So there's a new iPhone coming out next month.
What, you didn't know? Well neither do we, really, but come on - it's inevitable. September without an iPhone launch would be like December without, er, Zamenhof day.
Anyway, we've heard plenty of rumours and reports about it in recent months, all of which tend to have the same core beliefs: the iPhone 7 will buck Apple's every-other-year trend of overhauling the design and simply refine and enhance the familiar form of the iPhone 6 and iPhone 6s.
Playing it safe? Hasn't Apple already been doing that in many ways? True, 3D Touch was a big enhancement, but Android flagships have hurtled past the iPhone in appeal over the last couple years, and Apple needs something big, important, and new to win our hearts back.
In fact we reckon it needs seven of them...
1) Start fresh
Look, the alternating-year model works: the iPhone 6 ushered in a new design and size, along with other notable shifts, and then the iPhone 6s refined and enhanced its feature set. And now it's time for something new again with the 7.
But no; sadly, the rumours suggest that Apple will wait until 2017 to really refresh the iPhone's design, just in time for its 10th anniversary, and that could mean that this year's phone will be another riff on the iPhone 6s. How could Apple possibly spin that as not being a disappointment?
It'll be a tough task, if true. Implementing the requests below could go a long way towards helping the new iPhone compete better against the top-end competition, but a third year of the same core phone isn't going to truly wow anyone. Not giving us a true iPhone 7 this year would risk some serious market stagnation.
Even if the internals aren't massively different, can't you at least give us some kind of design thrill, Apple?
2) Bump the resolution
Most top-tier Android phones these days offer sparkling, pixel-packed Quad HD (2560x1440) displays that blast past 500ppi – that's pixels per inch – and stun with their crispness. Apple, on the other hand, barely tops 720p on the iPhone 6s, while the super-sized iPhone 6s Plus offers a better-but-still-not-amazing 1080p upgrade.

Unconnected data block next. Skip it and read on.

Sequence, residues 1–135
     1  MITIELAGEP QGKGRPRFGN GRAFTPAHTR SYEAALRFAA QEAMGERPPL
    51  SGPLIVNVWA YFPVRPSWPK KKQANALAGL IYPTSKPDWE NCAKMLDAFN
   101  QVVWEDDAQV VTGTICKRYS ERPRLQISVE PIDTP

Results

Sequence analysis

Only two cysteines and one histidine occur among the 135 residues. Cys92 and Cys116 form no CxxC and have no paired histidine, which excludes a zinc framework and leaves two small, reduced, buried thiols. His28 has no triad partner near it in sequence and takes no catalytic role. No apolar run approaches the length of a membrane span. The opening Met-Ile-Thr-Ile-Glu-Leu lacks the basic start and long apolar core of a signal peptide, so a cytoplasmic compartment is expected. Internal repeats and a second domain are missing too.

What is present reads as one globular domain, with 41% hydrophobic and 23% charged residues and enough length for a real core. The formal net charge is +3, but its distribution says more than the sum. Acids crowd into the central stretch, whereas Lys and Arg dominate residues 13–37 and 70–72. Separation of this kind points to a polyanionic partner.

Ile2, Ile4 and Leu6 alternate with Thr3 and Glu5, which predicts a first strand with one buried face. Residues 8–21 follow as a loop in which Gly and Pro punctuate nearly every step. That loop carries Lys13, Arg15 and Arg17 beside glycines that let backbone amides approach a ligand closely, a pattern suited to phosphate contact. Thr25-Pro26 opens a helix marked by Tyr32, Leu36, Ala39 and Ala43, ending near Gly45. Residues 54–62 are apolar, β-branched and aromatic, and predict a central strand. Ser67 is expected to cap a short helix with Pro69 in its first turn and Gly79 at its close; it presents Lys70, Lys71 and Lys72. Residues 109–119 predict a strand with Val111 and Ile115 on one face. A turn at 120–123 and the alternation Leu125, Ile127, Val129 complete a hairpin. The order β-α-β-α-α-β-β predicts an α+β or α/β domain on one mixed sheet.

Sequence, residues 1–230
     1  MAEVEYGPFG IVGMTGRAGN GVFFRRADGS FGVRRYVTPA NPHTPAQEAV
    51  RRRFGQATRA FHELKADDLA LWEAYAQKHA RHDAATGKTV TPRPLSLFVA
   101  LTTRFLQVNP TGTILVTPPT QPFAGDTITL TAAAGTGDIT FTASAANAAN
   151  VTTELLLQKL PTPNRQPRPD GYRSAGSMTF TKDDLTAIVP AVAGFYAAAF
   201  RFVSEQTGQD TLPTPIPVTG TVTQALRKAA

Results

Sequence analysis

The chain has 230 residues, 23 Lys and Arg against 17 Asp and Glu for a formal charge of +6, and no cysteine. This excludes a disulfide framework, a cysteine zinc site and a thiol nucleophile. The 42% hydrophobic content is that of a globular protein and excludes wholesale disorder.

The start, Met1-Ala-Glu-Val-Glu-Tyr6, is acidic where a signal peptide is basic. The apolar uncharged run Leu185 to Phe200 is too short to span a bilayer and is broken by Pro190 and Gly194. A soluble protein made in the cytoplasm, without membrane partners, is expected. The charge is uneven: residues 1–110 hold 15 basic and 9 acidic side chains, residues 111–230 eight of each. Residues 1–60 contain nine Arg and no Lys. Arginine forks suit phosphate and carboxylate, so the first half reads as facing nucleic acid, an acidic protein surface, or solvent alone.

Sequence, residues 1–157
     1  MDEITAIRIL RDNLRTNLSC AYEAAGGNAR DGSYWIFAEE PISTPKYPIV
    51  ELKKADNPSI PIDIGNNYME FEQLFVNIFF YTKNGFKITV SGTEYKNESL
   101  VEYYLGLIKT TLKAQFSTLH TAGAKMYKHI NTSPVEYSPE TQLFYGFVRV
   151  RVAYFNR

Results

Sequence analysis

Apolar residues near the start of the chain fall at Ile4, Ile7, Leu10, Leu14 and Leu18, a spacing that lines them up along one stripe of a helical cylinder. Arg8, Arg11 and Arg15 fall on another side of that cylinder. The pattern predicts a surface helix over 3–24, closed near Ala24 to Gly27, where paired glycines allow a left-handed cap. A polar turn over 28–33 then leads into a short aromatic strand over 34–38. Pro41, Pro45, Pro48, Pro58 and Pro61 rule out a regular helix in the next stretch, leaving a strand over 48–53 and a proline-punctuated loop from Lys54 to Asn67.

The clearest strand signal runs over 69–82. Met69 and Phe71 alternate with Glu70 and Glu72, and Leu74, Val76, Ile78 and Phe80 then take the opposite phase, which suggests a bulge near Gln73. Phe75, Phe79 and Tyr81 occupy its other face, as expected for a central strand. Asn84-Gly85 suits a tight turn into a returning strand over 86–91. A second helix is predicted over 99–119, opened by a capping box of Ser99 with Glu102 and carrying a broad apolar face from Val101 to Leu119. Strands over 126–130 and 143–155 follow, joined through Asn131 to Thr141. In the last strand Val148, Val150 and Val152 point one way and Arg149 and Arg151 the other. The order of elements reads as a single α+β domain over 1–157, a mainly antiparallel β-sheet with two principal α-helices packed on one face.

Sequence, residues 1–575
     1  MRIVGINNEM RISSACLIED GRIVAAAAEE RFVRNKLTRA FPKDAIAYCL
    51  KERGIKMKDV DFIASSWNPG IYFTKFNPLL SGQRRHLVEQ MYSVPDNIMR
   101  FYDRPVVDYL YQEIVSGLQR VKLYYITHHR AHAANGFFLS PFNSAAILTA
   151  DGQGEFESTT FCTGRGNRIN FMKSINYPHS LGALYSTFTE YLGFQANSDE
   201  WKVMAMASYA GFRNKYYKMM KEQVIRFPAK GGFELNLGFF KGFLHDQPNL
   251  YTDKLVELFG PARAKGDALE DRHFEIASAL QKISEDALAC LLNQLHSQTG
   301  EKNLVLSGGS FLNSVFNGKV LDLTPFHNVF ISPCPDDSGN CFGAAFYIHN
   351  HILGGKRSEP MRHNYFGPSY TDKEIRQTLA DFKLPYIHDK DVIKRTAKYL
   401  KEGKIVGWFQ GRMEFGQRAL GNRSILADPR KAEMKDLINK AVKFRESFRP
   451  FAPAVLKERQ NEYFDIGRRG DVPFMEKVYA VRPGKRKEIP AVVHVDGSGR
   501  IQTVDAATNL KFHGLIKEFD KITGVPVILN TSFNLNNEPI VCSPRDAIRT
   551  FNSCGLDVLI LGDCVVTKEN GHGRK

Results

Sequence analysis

Now, 1080p is fine for most users. In fact, the OnePlus 3 caps its resolution at the same level, and it's our favourite phone in the world right now. But then the OnePlus 3 also costs half the price of an iPhone 6s. When you're shelling out £600-plus on a phone, you expect more than 'fine'. You expect 'absolute-best-you-can-possibly-get-quality'. That's not 1080p and it's certainly not 720p.
Frankly, the once-great Retina display of the smaller iPhone models just doesn't cut it anymore. Ideally we'd get Quad HD displays on both phones, but if that's a step too far for Apple then we'll settle for 2K. And if even that is too much then at least let's get 1080p on the smaller iPhone 7 please.
3) Boost the battery
Battery capacity is clearly not one of Apple's chief concerns. Case in point: the iPhone 6s actually offers a smaller battery than its predecessor. Why? Actually, it doesn't matter: there's no explanation that'll satisfy anyone whose phone keeps conking out before the evening arrives.
While it's unlikely that we'll get a phone that can handle a full day of Pokémon Go shenanigans, we need a device that can at least handle a modicum of gaming and media usage and still make it to our bedside stands intact. We'd happily take a thicker iPhone design if it meant hours more battery life, yet the rumours suggest Apple wants to go thinner. That won't work out well.